This industry is sailing headfirst into a crisis of its own making. Like the rest of the population, the workforce within agriculture is an aging one. In Scotland, the average age of a farmer is widely considered to be over 60, with the current retirement age standing at a mere 66.

Increasingly, it is becoming clear that young people who wish to get into the industry are having the door shut in their face at every level. If they are not privileged enough to be part of a farming family with a farm that they can inherit, it is becoming near enough impossible for them to get onto the ladder and buy land.

In my six years as part of the SAYFC Agri and Rural Affairs committee, we have conducted many surveys of our members. These happen most notably around major political events, such as Brexit and general elections. Time and time again, the main issues rising to the top of the agenda are access to land and access to funding.

The recent rush to buy thousands of acres of land, some of which being high quality food-producing land for tree planting has caused prices to sky-rocket. This has pushed it well out of the budget of any young person who may be looking to get a start in the industry.

Don’t get me wrong, if you are a farmer who owns land and you do not have anyone to take over from you, I can understand why you would sell your land at inflated prices for tree planting.

We do however need to get to a place as an industry where farmers who are ready to retire feel encouraged to either enter a shared farming agreement or give a young person the chance to buy their farm in order to get started in the industry.

I believe that the Scottish Land Matching Service is a fantastic organisation which has done great work in this field and can help with this. If anyone is looking to retire or give a young person the opportunity to start in the industry, please get in touch with them.

It is an accepted fact that many farmers simply do not retire when they are aged to do so, but there seems to be an archaic attitude in many corners towards the topic of succession and handing the reigns over to the next generation.

When it comes to funding for young people to get a start in the industry, the amount of red tape and restrictions can make the process far more difficult – or even impossible. Goverment, at both a UK and Scottish level must do more to ensure that funding is within the reach of young people and easier to access. Radical reform of funding mechanisms need to be provided to Banks, such as government backed Loan schemes. The existing Government Start Up Loans provide lending to a maximum of £25,000 and this should be expanded to provide additional funding to Agricuture due to the high capital expenditure experienced within our sector.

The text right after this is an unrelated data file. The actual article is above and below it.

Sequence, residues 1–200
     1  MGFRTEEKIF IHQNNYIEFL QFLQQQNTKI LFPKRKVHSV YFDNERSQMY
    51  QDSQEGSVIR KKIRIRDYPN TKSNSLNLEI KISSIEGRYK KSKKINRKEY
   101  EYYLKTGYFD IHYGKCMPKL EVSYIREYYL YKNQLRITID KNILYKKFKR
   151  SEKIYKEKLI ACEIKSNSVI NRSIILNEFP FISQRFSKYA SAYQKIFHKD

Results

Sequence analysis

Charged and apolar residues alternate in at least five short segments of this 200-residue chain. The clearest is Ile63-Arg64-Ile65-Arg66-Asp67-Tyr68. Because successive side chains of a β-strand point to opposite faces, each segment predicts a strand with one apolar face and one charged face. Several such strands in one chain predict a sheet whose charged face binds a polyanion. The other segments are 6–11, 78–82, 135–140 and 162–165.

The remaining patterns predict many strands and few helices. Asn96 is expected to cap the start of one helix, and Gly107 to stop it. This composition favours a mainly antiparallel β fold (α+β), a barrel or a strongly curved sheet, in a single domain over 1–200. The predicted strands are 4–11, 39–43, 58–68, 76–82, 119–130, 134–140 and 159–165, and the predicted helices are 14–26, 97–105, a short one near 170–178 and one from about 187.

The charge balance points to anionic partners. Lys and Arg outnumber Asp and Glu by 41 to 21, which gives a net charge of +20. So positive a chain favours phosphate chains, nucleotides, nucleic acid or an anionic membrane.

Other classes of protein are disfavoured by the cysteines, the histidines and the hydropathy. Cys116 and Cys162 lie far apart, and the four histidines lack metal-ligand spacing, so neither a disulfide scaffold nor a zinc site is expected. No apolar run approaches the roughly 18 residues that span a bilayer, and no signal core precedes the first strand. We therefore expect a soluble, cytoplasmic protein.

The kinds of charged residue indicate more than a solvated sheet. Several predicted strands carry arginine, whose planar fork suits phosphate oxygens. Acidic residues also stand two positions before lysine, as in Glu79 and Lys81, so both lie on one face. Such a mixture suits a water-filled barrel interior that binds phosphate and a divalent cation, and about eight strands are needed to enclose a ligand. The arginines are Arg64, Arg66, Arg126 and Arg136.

Brexit was supposed to give us the opportunity to set our own rules. The new agriculture bill should present radical changes in the way that subsidy and support is paid. In my view, the money which is currently spent on paying people just for simply owning land, should be spent on ensuring that the industry is secured and strengthened for years to come.

This could be done through supporting and funding young people to get started in the industry, but also on training those who simply just want to work in it. Training

and skills development is going to become a major issue in years to come. Many of those who wish to work in the industry do not have the required skills, meaning that a large amount of investment is going to be required in the future in order to train these workers to a safe level in order to do the job.

Recent world events have uncovered the fragility of our food systems. Covid caused shortages and backlogs, the Russia-Ukraine war has pushed material prices through the roof and recent wildfires and floods have shown just how unpredictable and cruel the changing weather patterns can be on both businesses as well as the individuals involved.

It is simple, if we are to continue to meet the demands of an ever-growing global population and also meet the climate change targets being imposed on us by government, we must protect our agricultural industry here at home and continue to make it more efficient.

This will not be possible if we continue to shut young people out and exclude them from the industry. Without them, the shelf life of this industry is going to be dramatically reduced, and in time we will move to being a country full of trees and imported food.

We need to get a grip on this situation before it gets any worse. The decisions and conversations you have now, no matter how difficult, could be the difference between the future and downfall of this industry. Don’t leave it too late!